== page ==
The eccentric Berrybender clan, along with a colorful entourage, continue to traverse the American frontier of 1830s Yellowstone when they are stopped in their tracks at a trading post by the onset of winter. The eldest daughter, Tasmin, is heavily pregnant by her exasperatingly enigmatic husband, Jim Snow, a.k.a. the Sin Killer, who is bent on eradicating sin in everyone but himself. Seemingly, their love is as passionate as their knock-down-drag-out fights. In the midst of fierce snowstorms, this obnoxious family must live in close quarters with a bevy of mountain men (actual historical characters) who watch bemusedly as babies are born, eyes are plucked out with forks, Indians attack, and the old lord descends into madness. McMurtry is at his rip-snorting best, and both of these productions are excellent. Henry Strozier, narrating for Recorded Books, is slower and more restrained than the dazzling Alfred Molina, whose ability to change his voice characterizations is so expert it can be distracting at times. Libraries cannot go wrong purchasing either program. In fact, the only caveat is the author's use of "clever" chapter titles that are repeated word for word in the opening paragraph, and, with 60 chapters, this is rather teeth-grating by the end. Highly recommended for all libraries.-Barbara A. Perkins, formerly with Irving P.L., TX Copyright 2003 Reed Business Information.
Kirkus Reviews
Lord Berrybender and brood continue their western exploration, in this second in a four-part series (Sin Killer, 2002). Tongue still wedged firmly in cheek, McMurtry throws his supremely confident band of aristocrats up against the toughest challenges, including a buffalo stampede, hostile Indians, wretched weather, and bloody-minded mountain men. None is rougher than Lady Tasmin Berrybender's handsome husband Jim Snow, the gifted trapper and brutally fundamental Christian whose distaste for Tasmin's erudite and occasionally profane chatter leads him to paste her one in the kisser. Two actually, one to the temple and one to the mouth, her pregnancy notwithstanding. Leaving Tasmin to ponder the error of her ways and the mystery of his, Jim strikes out alone, to clear his head and give his ears a rest from the incessant prattling of the diminished but still large brood of aristos and their retainers. Their river transport having been crushed by the frozen Missouri and the crew having been hacked to pieces by angry natives, the Berrybenders have holed up for the winter at a trading post where time and pregnant bellies hang rather heavy. Tasmin, irritably sorting out her feelings for Jim, has the ardent attention of tongue-tied Kit Carson and the artistic attention of painter George Catlin, who has in mind an epic American allegorical tableau featuring Tasmin and her father's equally gravid ex-mistress Vicky. Meanwhile, the errant Jim Snow decides to reclaim his two Ute wives, who will show Tasmin the right and silent way to go about being a wife. Alas, the senior and more competent wife has died in his absence, but the teenaged number two proves to be a superb nanny after Tasmin is deliveredof a son, Montague. Will Jim warm to his heir? Will he deal with those pesky anger management issues? Will Tasmin learn to control her tongue? Will she come to terms with bigamy? Will there ever be a meeting of the minds between the overcultured Europeans and the oversimplifying Americans? Big issues masquerading as light fun. Highly entertaining. Book-of-the-Month Club/Quality Paperback Book Club alternate selection; Literary Guild featured alternate selection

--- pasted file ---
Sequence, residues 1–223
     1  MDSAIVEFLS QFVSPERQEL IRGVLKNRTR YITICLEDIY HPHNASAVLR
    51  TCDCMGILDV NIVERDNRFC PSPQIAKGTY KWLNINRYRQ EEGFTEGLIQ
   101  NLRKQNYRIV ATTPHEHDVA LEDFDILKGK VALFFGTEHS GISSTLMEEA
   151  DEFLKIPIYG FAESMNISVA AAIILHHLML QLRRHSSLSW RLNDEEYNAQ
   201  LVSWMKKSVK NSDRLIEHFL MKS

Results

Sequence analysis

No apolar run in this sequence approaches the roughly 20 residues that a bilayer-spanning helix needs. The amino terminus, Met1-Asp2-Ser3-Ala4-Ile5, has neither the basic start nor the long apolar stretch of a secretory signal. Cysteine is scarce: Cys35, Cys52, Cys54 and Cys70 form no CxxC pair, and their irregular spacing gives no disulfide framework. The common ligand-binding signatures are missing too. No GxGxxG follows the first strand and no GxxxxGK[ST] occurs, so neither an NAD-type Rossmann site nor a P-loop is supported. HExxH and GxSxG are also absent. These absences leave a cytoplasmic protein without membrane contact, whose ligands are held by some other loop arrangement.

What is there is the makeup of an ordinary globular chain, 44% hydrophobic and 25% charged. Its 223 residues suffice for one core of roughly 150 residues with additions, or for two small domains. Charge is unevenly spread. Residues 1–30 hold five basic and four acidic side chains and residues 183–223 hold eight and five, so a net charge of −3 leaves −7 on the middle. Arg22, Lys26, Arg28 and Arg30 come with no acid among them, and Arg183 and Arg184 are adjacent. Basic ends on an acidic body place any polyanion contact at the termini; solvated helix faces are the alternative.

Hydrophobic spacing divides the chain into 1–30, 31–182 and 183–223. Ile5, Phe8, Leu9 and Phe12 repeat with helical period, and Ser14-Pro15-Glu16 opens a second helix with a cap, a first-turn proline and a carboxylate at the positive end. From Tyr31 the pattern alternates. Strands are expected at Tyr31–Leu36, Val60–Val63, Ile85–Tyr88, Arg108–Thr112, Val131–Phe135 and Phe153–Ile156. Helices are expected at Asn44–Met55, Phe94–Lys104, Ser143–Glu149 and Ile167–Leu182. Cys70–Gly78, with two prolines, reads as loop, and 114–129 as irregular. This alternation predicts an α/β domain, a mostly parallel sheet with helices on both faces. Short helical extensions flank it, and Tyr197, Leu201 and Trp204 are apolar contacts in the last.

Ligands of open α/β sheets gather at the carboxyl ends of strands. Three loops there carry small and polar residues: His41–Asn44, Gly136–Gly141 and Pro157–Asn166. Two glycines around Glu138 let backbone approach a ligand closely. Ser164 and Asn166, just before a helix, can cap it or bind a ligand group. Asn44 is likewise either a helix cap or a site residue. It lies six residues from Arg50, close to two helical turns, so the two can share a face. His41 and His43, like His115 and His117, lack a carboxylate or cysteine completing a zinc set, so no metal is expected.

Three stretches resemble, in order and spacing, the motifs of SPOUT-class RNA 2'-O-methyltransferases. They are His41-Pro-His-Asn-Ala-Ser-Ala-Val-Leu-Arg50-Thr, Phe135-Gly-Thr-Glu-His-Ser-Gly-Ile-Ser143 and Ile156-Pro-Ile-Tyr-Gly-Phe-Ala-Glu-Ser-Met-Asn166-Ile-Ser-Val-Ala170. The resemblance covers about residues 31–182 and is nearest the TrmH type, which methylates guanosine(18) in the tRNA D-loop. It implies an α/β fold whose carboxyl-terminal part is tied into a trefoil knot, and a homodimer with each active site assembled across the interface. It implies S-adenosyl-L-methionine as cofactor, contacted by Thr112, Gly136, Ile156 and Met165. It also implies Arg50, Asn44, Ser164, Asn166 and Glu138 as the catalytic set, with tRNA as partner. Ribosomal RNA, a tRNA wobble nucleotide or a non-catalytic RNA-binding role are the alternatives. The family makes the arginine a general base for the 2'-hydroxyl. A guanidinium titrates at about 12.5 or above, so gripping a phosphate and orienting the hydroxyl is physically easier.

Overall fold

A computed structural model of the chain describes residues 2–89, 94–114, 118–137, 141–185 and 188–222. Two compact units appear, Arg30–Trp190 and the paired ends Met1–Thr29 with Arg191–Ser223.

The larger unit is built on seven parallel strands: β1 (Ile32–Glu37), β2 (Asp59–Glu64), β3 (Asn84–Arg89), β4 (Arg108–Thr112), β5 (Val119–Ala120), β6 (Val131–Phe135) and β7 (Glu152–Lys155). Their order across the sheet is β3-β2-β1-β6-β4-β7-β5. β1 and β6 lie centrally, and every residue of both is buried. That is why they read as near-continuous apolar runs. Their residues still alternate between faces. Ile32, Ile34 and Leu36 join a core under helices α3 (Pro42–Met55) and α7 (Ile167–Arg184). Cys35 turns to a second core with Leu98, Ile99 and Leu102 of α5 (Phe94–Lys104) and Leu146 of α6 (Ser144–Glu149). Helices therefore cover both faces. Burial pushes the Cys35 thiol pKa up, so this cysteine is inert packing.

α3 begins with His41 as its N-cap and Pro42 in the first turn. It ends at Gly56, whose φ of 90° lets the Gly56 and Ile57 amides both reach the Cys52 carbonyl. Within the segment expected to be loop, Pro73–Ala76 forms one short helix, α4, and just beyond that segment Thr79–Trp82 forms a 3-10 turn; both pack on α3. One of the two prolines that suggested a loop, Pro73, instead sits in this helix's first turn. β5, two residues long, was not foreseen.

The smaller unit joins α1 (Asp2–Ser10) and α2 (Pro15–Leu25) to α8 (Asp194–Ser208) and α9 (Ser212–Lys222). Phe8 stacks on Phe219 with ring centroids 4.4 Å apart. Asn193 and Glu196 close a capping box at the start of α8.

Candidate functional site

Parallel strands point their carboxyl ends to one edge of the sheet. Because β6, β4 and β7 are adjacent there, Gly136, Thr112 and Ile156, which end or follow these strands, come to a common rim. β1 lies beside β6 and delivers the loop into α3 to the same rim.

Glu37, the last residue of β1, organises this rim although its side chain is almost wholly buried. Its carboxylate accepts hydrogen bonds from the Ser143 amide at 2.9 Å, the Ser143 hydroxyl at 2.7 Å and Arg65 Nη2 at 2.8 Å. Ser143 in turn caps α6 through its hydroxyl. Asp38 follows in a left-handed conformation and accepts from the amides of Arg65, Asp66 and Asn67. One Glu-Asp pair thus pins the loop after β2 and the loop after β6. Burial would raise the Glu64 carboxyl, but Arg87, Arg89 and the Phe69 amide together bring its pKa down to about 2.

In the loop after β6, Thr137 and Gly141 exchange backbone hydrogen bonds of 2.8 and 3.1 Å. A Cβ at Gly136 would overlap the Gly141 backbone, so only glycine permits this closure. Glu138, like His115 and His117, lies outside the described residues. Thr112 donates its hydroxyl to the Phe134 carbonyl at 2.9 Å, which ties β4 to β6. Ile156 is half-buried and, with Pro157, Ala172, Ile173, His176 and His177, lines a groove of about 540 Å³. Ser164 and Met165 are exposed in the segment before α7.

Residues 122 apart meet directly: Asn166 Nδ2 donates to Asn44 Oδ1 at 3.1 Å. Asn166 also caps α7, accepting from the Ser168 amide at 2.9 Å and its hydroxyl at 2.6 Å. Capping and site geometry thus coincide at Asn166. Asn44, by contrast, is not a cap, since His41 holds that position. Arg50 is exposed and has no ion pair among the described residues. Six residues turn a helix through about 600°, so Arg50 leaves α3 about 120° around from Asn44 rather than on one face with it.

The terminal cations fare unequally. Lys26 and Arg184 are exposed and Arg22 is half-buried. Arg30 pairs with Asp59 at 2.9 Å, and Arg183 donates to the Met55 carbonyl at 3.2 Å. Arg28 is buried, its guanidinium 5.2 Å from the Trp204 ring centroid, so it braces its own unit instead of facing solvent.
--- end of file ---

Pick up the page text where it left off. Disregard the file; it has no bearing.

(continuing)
From the Publisher
New York Times Book Review Exquisite descriptions....Simply irresistible storytelling, rich and satisfying.
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Product Details

  • ISBN-13: 9781439141472
  • Publisher: Simon & Schuster
  • Publication date: 6/1/2010
  • Sold by: SIMON & SCHUSTER
  • Format: eBook
  • Pages: 432
  • Sales rank: 55,749
  • File size: 2 MB

Meet the Author

Larry McMurtry
Larry McMurtry is the author of twenty-nine novels, including the Pulitzer Prize-winning Lonesome Dove, three memoirs, two collections of essays, and more than thirty screenplays. He lives in Archer City, Texas.

Biography

Back in the late 60s, the fact that Larry McMurtry was not a household name was really a thorn in the side of the writer. To illustrate his dissatisfaction with his status, he would go around wearing a T-shirt that read "Minor Regional Novelist." Well, more than thirty books, two Oscar-winning screenplays, and a Pulitzer Prize later, McMurtry is anything but a minor regional novelist.

Having worked on his father's Texas cattle ranch for a great deal of his early life, McMurtry had an inborn fascination with the West, both its fabled history and current state. However, he never saw himself as a life-long rancher and aspired to a more creative career. He achieved this at the age of 25 when he published his first novel. Horseman, Pass By was a wholly original take on the classic western. Humorous, heartbreaking, and utterly human, this story of a hedonistic cowboy in contemporary Texas was a huge hit for the young author and even spawned a major motion picture starring Paul Newman called Hud just two years after its 1961 publication. Extraordinarily, McMurtry was even allowed to write the script, a rare honor for such a novice.